Now a reminder of what I said at the beginning of this post.  Degree matters.  You will find every type of individual in Nigeria, including the kind, funny, generous, honest, and everything else that is good in a person.  You’ll find lots of them too.  I had the pleasure of working with some great individuals, who were genuinely skilled, could apply themselves, held positions on merit, and were extremely well-mannered and respectful.  The team of Nigerians I managed was one of the nicest bunch of people you’d ever hope to meet, and easy to manage as well.  (My theory is that engineers are often like this: if you’re bone-idle and want to earn money dishonestly, there are easier things to do than an engineering degree.)  The problem these decent people have is that they are vastly outnumbered by those who are not.  For every Nigerian who is honest, well-mannered, and diligent you’ll find a hundred whose only goal is to get some money whilst expending the minimum amount of effort possible.  If they can use personal connections, lies, or trickery in lieu of learning a useful skill and applying it, they’ll take that option every time.  It’s a numbers thing: if 50% of Nigerians were more like 10% of them, the country would be okay.  And that’s the fundamental problem of Nigeria summed up in one sentence: way too many dickheads.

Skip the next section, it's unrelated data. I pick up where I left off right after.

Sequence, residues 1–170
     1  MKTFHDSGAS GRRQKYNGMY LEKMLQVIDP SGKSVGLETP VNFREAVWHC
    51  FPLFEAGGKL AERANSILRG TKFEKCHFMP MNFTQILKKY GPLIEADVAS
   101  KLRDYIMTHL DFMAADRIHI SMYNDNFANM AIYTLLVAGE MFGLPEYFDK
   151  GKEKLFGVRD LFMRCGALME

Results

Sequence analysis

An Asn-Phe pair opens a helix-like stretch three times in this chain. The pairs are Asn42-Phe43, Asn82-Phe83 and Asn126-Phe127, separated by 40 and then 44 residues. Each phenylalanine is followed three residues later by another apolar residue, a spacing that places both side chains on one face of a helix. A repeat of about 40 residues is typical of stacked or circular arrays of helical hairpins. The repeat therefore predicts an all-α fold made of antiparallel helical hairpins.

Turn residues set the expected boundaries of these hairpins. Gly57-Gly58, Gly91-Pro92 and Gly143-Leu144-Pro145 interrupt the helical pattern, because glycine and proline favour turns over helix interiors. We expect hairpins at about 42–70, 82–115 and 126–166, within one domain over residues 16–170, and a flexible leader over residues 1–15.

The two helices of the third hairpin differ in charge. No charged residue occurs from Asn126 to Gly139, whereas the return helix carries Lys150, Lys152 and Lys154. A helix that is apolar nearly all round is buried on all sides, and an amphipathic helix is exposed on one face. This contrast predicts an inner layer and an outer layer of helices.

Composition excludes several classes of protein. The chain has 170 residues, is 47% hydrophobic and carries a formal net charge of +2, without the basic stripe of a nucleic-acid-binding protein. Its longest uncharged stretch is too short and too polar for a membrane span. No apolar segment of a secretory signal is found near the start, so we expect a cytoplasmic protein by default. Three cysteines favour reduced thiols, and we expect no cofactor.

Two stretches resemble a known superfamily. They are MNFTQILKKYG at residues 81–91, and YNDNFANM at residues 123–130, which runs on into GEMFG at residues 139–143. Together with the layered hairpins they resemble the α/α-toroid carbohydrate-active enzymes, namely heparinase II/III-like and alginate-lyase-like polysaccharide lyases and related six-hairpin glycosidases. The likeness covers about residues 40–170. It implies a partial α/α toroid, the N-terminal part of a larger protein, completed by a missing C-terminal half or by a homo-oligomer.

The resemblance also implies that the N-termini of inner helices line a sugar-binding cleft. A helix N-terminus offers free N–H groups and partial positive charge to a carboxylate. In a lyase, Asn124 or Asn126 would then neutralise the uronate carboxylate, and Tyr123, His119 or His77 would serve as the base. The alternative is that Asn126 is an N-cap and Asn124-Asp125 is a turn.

When I was bored in our morning meetings – which was on most days – I would canvas my team’s opinion on certain things, often the state of the country.  They were by and large in despair.  Nigerians are famously optimistic, but this is often through desperation.  Nowhere was this better demonstrated than on the occasion when a bank put a Christmas tree up on a roundabout with “presents” at the bottom, and the next morning all the presents had been ripped open.  If somebody thinks a box under a tree on a roundabout contains an X-Box, then you’ve gone way beyond optimism and into desperation or delusion.

My lads were a happy enough bunch – as Nigerians usually are – but had no hope of things getting better any time soon.  I ventured the suggestion that a return to military dictatorship might be on the cards, and I got no objection.  One of them explained that during the times of military dictatorship, it was only a handful of people at the top creaming off money.  Now, with democracy, it’s tens of thousands.  And during the military dictatorship, crime was much lower, and few had concerns about personal security.  Democracy is all well and good, but I’ve often said that it is a means to an end, not an end in itself.  I am sure the world will howl with outrage and impose sanctions should Nigeria undergo another military coup, but few can deny that democracy is failing to deliver peace, prosperity, and basic services to Nigeria.  I remain far from convinced that many Nigerians would not welcome such an event.